The point is that I have not found one single reference (that is, original piece of information in print about the "1938 sighting"). I have seen many repeated references stating it as a fact, but none giving the source. I have looked them up in Spanish and English but to no avail. No sound source.

This takes me back to my opening comments about "Good information", if cryptozoology is to be taken seriously as a "real" science, it must be "serious", neat and reliable. Sources must be given so that all can verify them. Otherwise, it is just hearsay

Final Comment

For the record, in my post on the Cuero, I included the following:

Freshwater rays in Patagonia?

I have read an entry in Eberhart’s excellent book [6] on “Mysterious Creatures” which mentions that “giant freshwater rays were seen in 1976” at Lago Gutiérrez, Rio Negro Province.

Reproduction of pages 689 of Eberhart’s book. From [6].

This same 1976” incident is reported in detail by Sebastián Jarré[7][8] yet at a different location: Lake Moreno.

Lakes Moreno and Gutierrez are quite close to each other (8 km – 5 mi.) and both flow into Lake Nahuel Huapi, the map below shows the site of the 1976 accident (red circle) a very narrow stretch of road carved into a steep cliff that skirts the lake.

The article's references were the following:
[6] Eberhart, G., (2002). Misterious Creatures: A guide to Cryptozoology. S. Barbara: ABC Clio. pp. 689.
[7] Jarré S., (2008). Online.
[8] Jarré, S., (2004). Guarida de Monstruos. La Rosa de los Vientos. A° 1. N° 3.IV: 2+

As you can see in the image, Eberhart mentions an article by Fabio Picasso, published in Strange Magazine (Dec. 1998, pp. 28-35) "South American Monsters and Mystery Animals", which I have not had the chance to read. Perhaps, among its references it includes the original source of the 1938 sighting.


[1] Lakelubbers Newsletter, Number 4 - 03/01/2010.

Patagonian Monsters - Cryptozoology, Myths & legends in Patagonia

2010 International Year of Biodiversity
Copyright 2009-2010 by Austin Whittall ©

Thursday, March 4, 2010

Creatures at Deseado River

lake of the week

Not a lake, a river, but the idea is that we want to highlight this Patagonian water course today

During the Plesiosaur episode in 1922, Clemente Onelli, who was organizing the expedition to hunt it, mentioned other previous sightings of mysterious Patagonian creatures.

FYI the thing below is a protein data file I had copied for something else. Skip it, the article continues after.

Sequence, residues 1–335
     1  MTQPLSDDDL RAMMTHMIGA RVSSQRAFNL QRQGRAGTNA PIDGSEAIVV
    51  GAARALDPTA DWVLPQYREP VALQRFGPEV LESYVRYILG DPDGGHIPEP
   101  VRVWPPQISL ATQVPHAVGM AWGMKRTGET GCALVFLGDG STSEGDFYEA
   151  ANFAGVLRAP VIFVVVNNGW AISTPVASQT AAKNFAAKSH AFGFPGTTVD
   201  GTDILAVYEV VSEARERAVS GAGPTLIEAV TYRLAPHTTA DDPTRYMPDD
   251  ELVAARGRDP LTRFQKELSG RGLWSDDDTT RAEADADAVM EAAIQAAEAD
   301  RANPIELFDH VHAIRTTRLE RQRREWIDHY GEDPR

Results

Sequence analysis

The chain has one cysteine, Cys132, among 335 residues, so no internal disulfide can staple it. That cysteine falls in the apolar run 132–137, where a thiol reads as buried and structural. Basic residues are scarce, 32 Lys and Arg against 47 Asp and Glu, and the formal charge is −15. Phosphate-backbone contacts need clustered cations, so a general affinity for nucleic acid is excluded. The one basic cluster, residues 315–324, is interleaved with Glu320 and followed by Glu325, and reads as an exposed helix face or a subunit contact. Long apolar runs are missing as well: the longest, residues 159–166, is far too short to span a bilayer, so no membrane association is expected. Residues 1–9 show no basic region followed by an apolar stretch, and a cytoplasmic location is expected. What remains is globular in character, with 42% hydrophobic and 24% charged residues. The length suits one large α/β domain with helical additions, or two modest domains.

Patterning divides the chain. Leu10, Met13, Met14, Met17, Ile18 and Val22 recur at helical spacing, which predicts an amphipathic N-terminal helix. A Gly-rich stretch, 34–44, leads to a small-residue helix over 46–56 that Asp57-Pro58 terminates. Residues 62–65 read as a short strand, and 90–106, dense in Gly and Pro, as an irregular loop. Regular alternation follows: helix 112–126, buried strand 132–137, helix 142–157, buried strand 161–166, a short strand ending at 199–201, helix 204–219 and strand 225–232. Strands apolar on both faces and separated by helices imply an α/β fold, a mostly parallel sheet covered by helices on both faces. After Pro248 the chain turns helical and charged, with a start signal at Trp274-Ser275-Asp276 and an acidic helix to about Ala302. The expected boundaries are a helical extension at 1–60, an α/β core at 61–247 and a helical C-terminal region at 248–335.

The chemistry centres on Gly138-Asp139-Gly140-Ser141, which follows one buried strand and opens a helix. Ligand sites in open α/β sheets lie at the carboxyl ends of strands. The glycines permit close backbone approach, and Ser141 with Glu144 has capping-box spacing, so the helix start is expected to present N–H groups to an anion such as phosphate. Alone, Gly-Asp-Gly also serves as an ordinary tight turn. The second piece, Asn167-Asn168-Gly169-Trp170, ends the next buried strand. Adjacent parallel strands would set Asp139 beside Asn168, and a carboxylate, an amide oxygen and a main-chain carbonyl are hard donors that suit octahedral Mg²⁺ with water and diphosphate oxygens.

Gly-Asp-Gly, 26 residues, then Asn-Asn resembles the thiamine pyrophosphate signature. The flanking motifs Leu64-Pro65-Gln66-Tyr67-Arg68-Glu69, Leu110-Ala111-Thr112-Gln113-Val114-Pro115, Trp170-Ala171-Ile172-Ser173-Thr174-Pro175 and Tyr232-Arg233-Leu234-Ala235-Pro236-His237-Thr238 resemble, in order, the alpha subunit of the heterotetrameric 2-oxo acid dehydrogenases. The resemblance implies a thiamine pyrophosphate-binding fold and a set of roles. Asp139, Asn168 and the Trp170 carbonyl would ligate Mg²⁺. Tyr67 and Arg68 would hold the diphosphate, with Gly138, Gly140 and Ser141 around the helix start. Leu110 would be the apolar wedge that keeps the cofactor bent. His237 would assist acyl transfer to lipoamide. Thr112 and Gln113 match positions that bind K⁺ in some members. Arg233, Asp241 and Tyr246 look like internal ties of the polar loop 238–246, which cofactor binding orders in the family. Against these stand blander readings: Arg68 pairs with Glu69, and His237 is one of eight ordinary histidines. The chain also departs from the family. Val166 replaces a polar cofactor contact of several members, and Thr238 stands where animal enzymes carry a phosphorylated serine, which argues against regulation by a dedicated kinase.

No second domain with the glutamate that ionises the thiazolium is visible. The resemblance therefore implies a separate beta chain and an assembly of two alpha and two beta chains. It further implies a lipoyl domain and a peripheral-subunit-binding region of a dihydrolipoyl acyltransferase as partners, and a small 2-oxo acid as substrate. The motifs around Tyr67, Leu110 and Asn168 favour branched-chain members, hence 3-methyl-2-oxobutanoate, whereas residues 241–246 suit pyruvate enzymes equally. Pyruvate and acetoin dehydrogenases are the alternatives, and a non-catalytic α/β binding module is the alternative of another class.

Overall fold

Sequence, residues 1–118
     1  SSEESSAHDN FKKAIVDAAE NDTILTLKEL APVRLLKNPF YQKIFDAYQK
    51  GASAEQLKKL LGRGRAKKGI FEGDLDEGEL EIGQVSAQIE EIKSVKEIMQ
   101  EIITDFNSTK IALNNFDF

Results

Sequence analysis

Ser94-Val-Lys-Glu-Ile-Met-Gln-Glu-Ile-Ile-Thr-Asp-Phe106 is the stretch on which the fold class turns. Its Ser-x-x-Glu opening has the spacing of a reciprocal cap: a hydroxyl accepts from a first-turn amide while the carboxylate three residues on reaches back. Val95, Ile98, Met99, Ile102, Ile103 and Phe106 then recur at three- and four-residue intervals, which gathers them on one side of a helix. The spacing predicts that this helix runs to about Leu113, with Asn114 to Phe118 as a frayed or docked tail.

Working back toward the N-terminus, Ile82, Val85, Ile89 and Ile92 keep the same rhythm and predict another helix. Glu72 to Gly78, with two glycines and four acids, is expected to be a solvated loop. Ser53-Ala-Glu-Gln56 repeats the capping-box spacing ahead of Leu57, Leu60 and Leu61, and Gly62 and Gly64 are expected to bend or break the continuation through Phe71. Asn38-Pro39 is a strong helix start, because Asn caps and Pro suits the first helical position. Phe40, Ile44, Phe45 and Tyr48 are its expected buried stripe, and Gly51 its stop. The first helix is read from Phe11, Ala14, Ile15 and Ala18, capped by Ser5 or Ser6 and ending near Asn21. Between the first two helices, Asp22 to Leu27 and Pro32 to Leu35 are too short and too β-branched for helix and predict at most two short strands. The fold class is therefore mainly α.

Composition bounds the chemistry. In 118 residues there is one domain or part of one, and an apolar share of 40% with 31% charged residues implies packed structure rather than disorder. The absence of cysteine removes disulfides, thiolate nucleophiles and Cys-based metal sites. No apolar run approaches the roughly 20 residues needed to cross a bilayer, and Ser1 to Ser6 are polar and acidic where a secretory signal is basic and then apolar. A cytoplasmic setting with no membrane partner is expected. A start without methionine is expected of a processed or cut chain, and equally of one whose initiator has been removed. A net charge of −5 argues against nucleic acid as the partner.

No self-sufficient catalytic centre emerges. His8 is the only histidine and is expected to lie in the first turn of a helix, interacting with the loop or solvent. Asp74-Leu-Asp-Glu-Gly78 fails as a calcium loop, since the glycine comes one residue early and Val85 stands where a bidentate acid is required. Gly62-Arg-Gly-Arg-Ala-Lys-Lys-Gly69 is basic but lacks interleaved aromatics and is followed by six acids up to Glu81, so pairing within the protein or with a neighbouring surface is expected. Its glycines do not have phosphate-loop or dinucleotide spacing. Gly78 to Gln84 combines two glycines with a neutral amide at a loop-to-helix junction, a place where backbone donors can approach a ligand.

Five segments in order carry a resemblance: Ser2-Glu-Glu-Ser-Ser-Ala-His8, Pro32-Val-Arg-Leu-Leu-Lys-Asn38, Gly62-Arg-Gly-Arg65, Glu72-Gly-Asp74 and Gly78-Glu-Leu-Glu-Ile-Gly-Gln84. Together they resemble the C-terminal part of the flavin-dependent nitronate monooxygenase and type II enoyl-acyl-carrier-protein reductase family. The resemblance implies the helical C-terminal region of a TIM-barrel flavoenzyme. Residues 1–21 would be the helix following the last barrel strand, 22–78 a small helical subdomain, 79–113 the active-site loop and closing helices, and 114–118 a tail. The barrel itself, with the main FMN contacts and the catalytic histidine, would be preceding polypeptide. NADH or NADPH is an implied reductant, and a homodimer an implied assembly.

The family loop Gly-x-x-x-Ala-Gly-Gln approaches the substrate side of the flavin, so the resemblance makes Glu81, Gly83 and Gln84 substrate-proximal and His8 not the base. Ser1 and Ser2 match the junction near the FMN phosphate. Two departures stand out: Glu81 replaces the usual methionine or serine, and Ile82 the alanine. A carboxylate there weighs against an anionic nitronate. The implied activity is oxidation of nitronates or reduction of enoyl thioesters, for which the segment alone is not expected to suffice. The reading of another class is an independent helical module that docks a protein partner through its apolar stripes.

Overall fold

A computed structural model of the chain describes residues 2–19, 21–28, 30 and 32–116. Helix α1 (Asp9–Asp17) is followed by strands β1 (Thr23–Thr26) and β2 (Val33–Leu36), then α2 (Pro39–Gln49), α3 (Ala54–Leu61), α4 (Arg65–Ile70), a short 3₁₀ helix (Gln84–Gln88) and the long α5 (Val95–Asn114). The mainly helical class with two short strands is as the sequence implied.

He told of one that had happened in 1901, when Mr. Ludovic von Plaaten Hallermund, a Dane expert working for the Argentine Border Commission reported that a mule had fallen down a cliff by the Deseado River. When on the following day his men climbed down to salvage the cargo, they found the animal on the edge of the water, half eaten and in its vicinity, strange tracks “like those of a puma, yet not those of a puma”.[1]

The first sightings, dog faced men and crocodiles.

Cynocephalic (dog-headed) giants were sighted in Patagonia in 1592 by John Davis (a member of Cavendish’s expedition) who fought at Puerto Deseado with “a great multitude of Salvages [sic] […] leaping and running like brute beasts, having vizards on their faces like dogs faces, or else their faces are dogs faces indeed”.[3]

A few years later, it was at the mouth of this river that the expedition of Jacob Le Maire and Willem Schouten (1615) encountered “three or four sea monsters with ash colored hair, with large muzzles like those of crocodiles”.[2]

The river.

The Deseado River is 615 km (382 mi.) long and flows from the Andean foothills into the Atlantic at Puerto Deseado. Nowadays its flow is intermittent and it disappears in places under the arid steppe terrain to reappear downstream fed by temporary springs. However during the Ice Ages it drained a large basin covering what are now the Buenos Aires, Ghio, Salitroso and Pueyrredón lakes.


[1] Hesketh, P. Op. Cit. pp. 335-338
[2] Murray, C., Vainstub, D., Manders, M. and Bastida, R., (2008). Tras la Estela del Hoorn – Arqueología de un naufragio holandés en la Patagonia. Buenos Aires: Vázquez Mazzini. pp. 59.
[3] Davys, J., (1970). The voyages and works of John Davis, the navigator. New York: B. Franklin. pp. 121.

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Patagonian Monsters - Cryptozoology, Myths & legends in Patagonia
2010 International Year of Biodiversity Copyright 2009-2010 by Austin Whittall ©